News that Fox have cancelled Sarah Palin‘s contract with them should come as no surprise to those who have watched the gradually deteriorating relationship between the ex Governor of Alaska and the right wing “news” network.
Her Facebook outburst complaining about Fox canceling her appearance at the Republic National Convention revealed something deep about Palin’s often rocky relationship with the network.
Palin’s contract is now up, and according to sources, Fox News executives have been weighing what kind of deal they would sign, if they signed one at all. Well now, accompanied by some weasel-words of thanks, Fox have pulled the plug.
Palin earned roughly $1 million per year from Fox, making her the highest paid contributor at the network. Fox executives were disappointed with her ratings; Palin was disappointed by Fox’s decision to not give her top billing on bookings.
According to sources, the relationship at times got so bad that much communication was conducted via Palin’s husband Todd. One thing became clear: It was risky for her to push the envelope too far. Fox had been a central pillar of Palin’s national reach since quitting the governorship, and without the network’s platform, it’s unclear how she could maintain even her current, much-diminished level of visibility. Well, now it’s over.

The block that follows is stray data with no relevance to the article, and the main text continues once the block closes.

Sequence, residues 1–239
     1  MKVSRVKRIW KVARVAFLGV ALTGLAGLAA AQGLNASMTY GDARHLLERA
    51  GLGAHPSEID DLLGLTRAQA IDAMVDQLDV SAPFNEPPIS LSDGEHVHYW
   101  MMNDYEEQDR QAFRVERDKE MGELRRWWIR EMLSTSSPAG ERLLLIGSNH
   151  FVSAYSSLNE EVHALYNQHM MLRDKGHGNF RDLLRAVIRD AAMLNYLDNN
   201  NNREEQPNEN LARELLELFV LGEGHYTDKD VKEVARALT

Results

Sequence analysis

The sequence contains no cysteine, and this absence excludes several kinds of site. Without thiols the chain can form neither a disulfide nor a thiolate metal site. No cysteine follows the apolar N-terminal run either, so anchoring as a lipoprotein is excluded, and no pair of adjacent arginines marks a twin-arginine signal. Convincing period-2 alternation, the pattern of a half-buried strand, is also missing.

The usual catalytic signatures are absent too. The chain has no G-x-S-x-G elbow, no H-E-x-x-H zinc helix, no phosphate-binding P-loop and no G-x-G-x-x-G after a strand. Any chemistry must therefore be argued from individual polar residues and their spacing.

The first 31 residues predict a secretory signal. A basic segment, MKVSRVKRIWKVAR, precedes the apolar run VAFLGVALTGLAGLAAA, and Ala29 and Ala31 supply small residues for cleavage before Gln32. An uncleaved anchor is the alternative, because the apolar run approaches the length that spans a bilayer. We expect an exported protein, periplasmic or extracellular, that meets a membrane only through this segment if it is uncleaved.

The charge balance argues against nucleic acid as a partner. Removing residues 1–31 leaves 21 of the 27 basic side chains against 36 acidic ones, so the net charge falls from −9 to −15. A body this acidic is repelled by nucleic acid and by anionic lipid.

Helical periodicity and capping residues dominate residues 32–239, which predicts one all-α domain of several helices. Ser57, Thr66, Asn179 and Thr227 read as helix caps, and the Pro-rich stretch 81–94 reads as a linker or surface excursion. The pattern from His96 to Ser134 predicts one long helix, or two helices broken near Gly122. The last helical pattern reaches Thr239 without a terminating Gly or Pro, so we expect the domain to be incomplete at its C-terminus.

Palin’s Facebook outburst surely didn’t endear her to the President of Fox News Roger Ailes, who prizes message discipline and loyalty among his troops. Ailes has been at times frustrated with Palin’s erratic public moves since her decision to ignore his advice to remain quiet in the wake of the Gabrielle Giffords shooting in 2011. At the time, her ill-thought out comments signalled to many that her political career was over and that she revealed clearly why she was unfit for office.
Palin crossed him again when she gave her decision not to run to talk radio host Mark Levin, not Fox.
After healing her relationship following the RNC outburst, Fox spokesperson Brian Lewis said: “We look forward to having a long and beneficial relationship with the Governor.” Yeah, right.
What is much more interesting than the on-going demise of the dreadful Ms Palin is that Fox have just signed Dennis Kucinich, a former Democratic presidential candidate far to the left of Palin, as an analyst. Kucinich will receive criticism for signing on with the rabidly biased network, but if he gets any valuable airtime at all, as opposed to merely being used as a dancing dog to poke fun at, then his move might be worthwhile.
He would do well to remember my old Mum’s sage advice, though. A fount of knowledge as encapsulated in proverbs, she would have quietly intoned:
“If you would sup with the Devil, use a long spoon.”*
(Some information sourced from the Washington Post)
*HE SHOULD HAVE A LONG SPOON THAT SUPS WITH THE DEVIL – “If you keep bad company you will need to be on your guard. If you agree to partake of the devil’s hospitality, you are on dangerous ground and need to beware. The reference to a long spoon is obscure; probably it emphasizes the distance it is necessary to keep from the potent contamination of the devil. The proverb was current in the fourteenth century. Chaucer using it in his Canterbury Tales: ‘Therfor bihoveth him a ful long spoon/ That shal ete with a feend,’ thus herde I seye.’ (The Squire’s Tale, c1386). And Shakespeare referred to it in The Tempest where Stephano says of Caliban: ‘This is a devil, and no monster; I will leave him; I have no long spoon.'” From the “Dictionary of Proverbs and their Origins” by Linda and Roger Flavell (Barnes & Noble Books, New York, 1993).